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In a truly distressing Netflix documentary series, Keep Sweet: Pray and Obey takes you deep inside the story of the Fundamentalist Church of Jesus Christ of Latter-Day Saints (FLDS), an offshoot of Mormonism, in a harrowing tale about its polygamist practices, pedophilia and its disgraced leader Warren Jeffs.
“When I was 14-years-old, they forced me to marry my cousin,” Elissa Wall says right at the beginning of the series. “I asked Warren, begged him, please don’t make me get married and he said, ‘do you believe that you know better than the prophet and if you’re questioning me you’re questioning God.’”
In the four-part documentary, with never-before-seen archival footage from the FLDS communities in the U.S., director Rachel Dretzin exposes the cult and Jeffs like we’ve never seen before, largely through the perspective of the women who escaped, who bravely document the cult’s abuse.
“It is hard to prove, and law enforcement and politicians are not very interested in disrupting families,” Utah attorney Roger Hoole says in the docuseries about enforcing polygamy laws. “I think most people in Utah, the mainstream Mormons, people like me, see polygamy as an embarrassment.”
“But polygamy’s really not the problem anyway, it’s the secondary crimes that occur in a closed religious society controlled by men. That’s when all sorts of mischief can take place and that’s what happened with the FLDS.”
What is the Fundamentalist Church of Jesus Christ of Latter-Day Saints (FLDS)?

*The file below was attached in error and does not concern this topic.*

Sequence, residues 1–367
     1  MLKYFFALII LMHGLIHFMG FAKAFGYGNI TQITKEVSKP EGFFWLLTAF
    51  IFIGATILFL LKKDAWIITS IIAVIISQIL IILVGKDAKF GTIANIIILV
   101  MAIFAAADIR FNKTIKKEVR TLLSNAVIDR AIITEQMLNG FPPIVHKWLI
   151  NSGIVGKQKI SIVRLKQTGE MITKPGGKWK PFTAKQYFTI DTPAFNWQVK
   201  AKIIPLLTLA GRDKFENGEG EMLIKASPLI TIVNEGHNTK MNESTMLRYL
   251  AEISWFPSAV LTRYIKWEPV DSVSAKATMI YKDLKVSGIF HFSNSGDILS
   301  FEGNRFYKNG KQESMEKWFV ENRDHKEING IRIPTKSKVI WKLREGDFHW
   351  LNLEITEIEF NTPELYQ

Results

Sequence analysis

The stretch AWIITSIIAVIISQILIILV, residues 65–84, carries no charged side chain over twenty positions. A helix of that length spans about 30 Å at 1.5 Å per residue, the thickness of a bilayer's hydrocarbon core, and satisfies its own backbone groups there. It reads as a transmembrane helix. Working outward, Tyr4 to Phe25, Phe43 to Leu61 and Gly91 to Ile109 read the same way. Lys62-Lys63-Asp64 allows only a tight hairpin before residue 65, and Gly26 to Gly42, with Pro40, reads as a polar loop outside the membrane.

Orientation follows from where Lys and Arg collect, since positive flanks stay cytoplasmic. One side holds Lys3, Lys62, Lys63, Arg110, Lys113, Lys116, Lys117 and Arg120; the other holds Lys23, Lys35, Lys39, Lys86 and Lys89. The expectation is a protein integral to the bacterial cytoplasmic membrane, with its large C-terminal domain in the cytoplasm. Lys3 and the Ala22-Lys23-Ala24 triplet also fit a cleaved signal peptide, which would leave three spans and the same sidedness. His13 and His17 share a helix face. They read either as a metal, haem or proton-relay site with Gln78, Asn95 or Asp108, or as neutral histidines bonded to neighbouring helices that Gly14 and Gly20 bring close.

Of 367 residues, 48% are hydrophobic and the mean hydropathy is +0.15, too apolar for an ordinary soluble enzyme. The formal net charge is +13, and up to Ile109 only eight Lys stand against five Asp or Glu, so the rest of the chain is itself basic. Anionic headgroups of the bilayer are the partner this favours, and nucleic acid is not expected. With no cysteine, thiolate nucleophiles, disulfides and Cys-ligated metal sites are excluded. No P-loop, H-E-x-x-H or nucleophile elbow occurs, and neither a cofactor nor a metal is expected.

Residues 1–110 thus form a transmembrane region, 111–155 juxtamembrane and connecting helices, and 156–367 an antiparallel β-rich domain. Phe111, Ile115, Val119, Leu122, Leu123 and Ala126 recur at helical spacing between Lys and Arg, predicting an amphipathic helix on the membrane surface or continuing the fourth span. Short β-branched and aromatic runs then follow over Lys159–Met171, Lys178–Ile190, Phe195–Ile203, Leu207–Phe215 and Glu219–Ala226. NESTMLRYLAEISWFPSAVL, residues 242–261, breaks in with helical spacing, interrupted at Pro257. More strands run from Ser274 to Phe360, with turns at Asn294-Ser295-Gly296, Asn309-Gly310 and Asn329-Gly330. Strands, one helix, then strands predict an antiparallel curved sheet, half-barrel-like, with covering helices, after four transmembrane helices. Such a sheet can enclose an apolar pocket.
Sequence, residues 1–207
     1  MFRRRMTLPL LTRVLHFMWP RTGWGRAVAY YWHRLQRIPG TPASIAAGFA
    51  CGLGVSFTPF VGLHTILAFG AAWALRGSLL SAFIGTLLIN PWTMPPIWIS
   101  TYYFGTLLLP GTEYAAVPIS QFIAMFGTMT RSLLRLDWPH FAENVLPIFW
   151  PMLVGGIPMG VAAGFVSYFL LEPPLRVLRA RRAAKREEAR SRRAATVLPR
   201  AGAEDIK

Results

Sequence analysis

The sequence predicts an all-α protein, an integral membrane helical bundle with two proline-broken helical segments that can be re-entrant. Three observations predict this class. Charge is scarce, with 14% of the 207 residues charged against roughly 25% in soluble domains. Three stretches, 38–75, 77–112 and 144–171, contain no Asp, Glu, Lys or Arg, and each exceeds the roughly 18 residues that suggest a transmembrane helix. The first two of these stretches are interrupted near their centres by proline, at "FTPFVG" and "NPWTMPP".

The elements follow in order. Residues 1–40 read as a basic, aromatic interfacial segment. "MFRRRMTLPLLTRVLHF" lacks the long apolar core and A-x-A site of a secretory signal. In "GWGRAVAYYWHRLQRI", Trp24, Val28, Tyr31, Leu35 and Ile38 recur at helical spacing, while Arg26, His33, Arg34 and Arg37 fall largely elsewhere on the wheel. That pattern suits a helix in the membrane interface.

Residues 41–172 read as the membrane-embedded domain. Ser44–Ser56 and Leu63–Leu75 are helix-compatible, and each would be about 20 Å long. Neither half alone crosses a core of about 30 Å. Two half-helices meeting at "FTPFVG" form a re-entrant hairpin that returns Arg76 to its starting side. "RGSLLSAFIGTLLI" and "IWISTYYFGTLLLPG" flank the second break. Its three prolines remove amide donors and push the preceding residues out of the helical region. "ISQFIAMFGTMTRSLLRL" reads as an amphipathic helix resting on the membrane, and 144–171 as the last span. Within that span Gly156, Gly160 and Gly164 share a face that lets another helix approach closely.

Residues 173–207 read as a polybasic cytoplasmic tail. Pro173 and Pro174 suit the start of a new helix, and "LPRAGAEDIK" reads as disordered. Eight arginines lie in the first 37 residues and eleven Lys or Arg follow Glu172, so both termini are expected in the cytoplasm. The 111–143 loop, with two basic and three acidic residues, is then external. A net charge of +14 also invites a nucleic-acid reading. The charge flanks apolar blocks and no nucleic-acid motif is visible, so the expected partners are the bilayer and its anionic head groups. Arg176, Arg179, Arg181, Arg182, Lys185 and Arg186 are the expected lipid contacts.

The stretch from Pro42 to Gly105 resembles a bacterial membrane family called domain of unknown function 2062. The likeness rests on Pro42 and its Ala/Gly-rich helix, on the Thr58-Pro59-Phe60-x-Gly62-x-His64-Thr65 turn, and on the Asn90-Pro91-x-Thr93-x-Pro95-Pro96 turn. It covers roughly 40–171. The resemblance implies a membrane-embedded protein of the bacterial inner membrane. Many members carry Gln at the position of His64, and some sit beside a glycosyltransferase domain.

The Fundamentalist Church of Jesus Christ of Latter-Day Saints (FLDS), is an offshoot of mainstream Mormonism, which began when the church outlawed polygamy.
“The more wives, the more children you have, the higher in heaven you’ll be,” is the FLDS thinking.
As Wallace Jeffs describes in Keep Sweet: Pray and Obey, one of Warren’s 62 siblings (that he knew about), members of the FLDS are taught that to get to the “highest degree of the celestial kingdom,” a man has to have at least three wives while on Earth. If you reach this highest degree, it’s believed you can create worlds, galaxies, universes, “basically become a God.”
What happens to the women in this celestial kingdom? That’s not specifically included in the teachings.
A woman in the FLDS is “turned in” to the leader, called the prophet, who will make the ultimate decision of who she will be married to, through God’s will.
As the documentary shows, FLDS communities were largely in Salt Lake City, Utah and Short Creek on the Utah - Arizona border. The Short Creek dwellings date back to the 1930s when Mormon Fundamentalists didn’t have a place in the mainstream LDS church, and a group started to homestead there.
“The first time I travelled to Short Creek, Utah, I had the same first impression as most,” a statement from director Rachel Dretzin reads. “With their pleated hair, prairie dresses, and diffident, skittish manner, it was easy to see the young girls and women of the FLDS as odd, even alien creatures.”
“It was almost impossible to believe that a society so repressive, isolated and extreme could exist in plain sight in 21st century America.”
Who is Warren Jeffs?